Now, I realise that Behzadi was apparently a marauding right-back during his early days at Hayes and then Yeading but, as anyone who saw him bossing the midfield exchanges during our triumphant close-out of the 2006/7 season (and anyone who has played as Maidenhead United on Football Manager) will testify, his best position is - unarguably - central midfield. If Daly - who's red card in his last game for AFC in the play-off's essentially cost them promotion that season - had to be signed (and I, for one, was never as critical of him as many other Magpie fans) then it should have been as replacement for the Gretna-bound Abdul Osman (whatever became of him?) or the ageing Darthaniel Brown. Behzadi in central midfield - as virtually the first name on the team sheet (in that position) - was a no-brainer.

As it was The Daddy was quickly moved to right-back and, in October, unfortunately suffered a serious knee injury in an FA Cup game against his old teams (Hayes & Yeading). Obviously the injury could well have happened if Behzadi had been playing centre-mid that day. That's not my point. My point is that right-back is not Behzadi's best position for Maidenhead United – it wasn't before his injury and it certainly wasn't when he returned from it, as he had lost much of his pace and mobility.

I think/presume that it was during Behzadi's lengthy injury lay-off that Bradshaw first came to the club on loan, a move that would eventually (after two temporary spells) become permanent. With Bradshaw impressing (albeit decreasingly so) at right-back and a slower, post-injury Behzadi back, The Daddy did eventually return to a central midfield spot last season after Wes Daly's replacement, Ashley Nicholls, left York Road after just 12 months for his 9th club in as many years (soon to be followed by his 10th and 11th).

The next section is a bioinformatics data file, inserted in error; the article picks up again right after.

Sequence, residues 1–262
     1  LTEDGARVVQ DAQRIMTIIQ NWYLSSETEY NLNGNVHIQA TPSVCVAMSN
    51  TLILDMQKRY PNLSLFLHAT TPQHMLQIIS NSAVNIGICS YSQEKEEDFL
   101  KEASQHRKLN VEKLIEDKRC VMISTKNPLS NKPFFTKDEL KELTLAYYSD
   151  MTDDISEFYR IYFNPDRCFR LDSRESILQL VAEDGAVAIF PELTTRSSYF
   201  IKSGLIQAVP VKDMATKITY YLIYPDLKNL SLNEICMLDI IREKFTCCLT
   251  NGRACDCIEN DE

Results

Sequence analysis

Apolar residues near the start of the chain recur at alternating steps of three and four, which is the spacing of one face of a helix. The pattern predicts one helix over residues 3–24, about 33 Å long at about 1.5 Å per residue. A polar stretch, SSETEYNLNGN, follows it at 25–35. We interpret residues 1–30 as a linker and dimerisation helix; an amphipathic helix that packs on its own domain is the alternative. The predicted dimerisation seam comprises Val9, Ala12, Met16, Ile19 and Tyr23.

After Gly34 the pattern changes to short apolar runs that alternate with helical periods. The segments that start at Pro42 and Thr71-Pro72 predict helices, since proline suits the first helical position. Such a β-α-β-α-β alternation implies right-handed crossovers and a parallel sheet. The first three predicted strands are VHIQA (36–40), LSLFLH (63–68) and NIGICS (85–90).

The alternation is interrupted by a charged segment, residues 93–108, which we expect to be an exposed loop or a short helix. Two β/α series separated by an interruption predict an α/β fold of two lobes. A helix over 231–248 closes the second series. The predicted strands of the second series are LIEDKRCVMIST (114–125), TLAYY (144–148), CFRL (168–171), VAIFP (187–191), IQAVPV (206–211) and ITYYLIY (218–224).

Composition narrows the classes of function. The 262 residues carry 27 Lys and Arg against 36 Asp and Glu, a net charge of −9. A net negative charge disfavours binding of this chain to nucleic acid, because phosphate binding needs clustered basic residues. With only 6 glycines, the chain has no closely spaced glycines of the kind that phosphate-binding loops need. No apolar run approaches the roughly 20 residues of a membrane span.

After an inauspicious start to the campaign (our first win came in our 9th game) the young and inexperienced team steadily improved and, despite dodgy periods (one point in five games around February, for example), never looked like finishing in the relegation places (not that doing so would've seen us drop a division anyway, of course). As well as the addition of Kieran Knight, the eye-catching form of Sam Collins (who inexplicably began the season behind Steve Barnes and James Hamsher in the left-wing pecking order), five goals in a month from Will Hendry, and solid contributions throughout from Mark Nisbet and Chris Tardif, one of the major factors behind our relative success last season was the combative midfield pairing of Behzadi and Bradley Quamina.

During last summer, with Steve Williams and Andrew Fagan replacing Tardif and Nevin Saroya, I was looking for Drax to add a striker (or two) and, ideally, sign a creative midfielder who could add a touch of flair to supplement the more defensive-minded Behzadi and Quamina, and mentor the promising Lewis Ochoa (where's he gone, BTW?). Instead we went into this season with no significant additions in the striking department and our marquee signing (again) being exactly what we didn't need: another defensive midfielder (and one, in Ashley Nicholls, who had no hesitation in leaving the previous summer after the budget had been cut).

The re-signing of Nicholls meant, of course, that Behzadi went to right-back again and Bradshaw found himself warming the bench. Is Behzadi a significant upgrade on Bradshaw at right-back? Is Nicholls a significant upgrade on Behzadi at centre-mid? No and No, IMO. As such, why, when the budget is apparently so tight - and we have pressing needs elsewhere (upfront) - did we re-sign Nicholls? We needed a goalscorer in the summer and, if some of the Thurrock fans' comments on Akurang are to be believed - “a great winger and average striker ... has the potential to be the best player in the league but is more likely to be a weight around your necks” - we still do.

Bradshaw is leaving, therefore, not solely because of Akurang's arrival but because Drax needlessly wasted a proportion of the summer budget on another defensive midfielder (Ashley Nicholls) and because he continues to play Bobby Behzadi out of position at full-back. Who will go to right-back if, for whatever reason, The Daddy is missing? Marcus Rose (a centre half by trade, and one who is coming back from a serious injury himself)? Ashley Smith (a winger)? 

Either the budget is unrealistic and/or it is being mismanaged.

Hey ho, all the best Jack.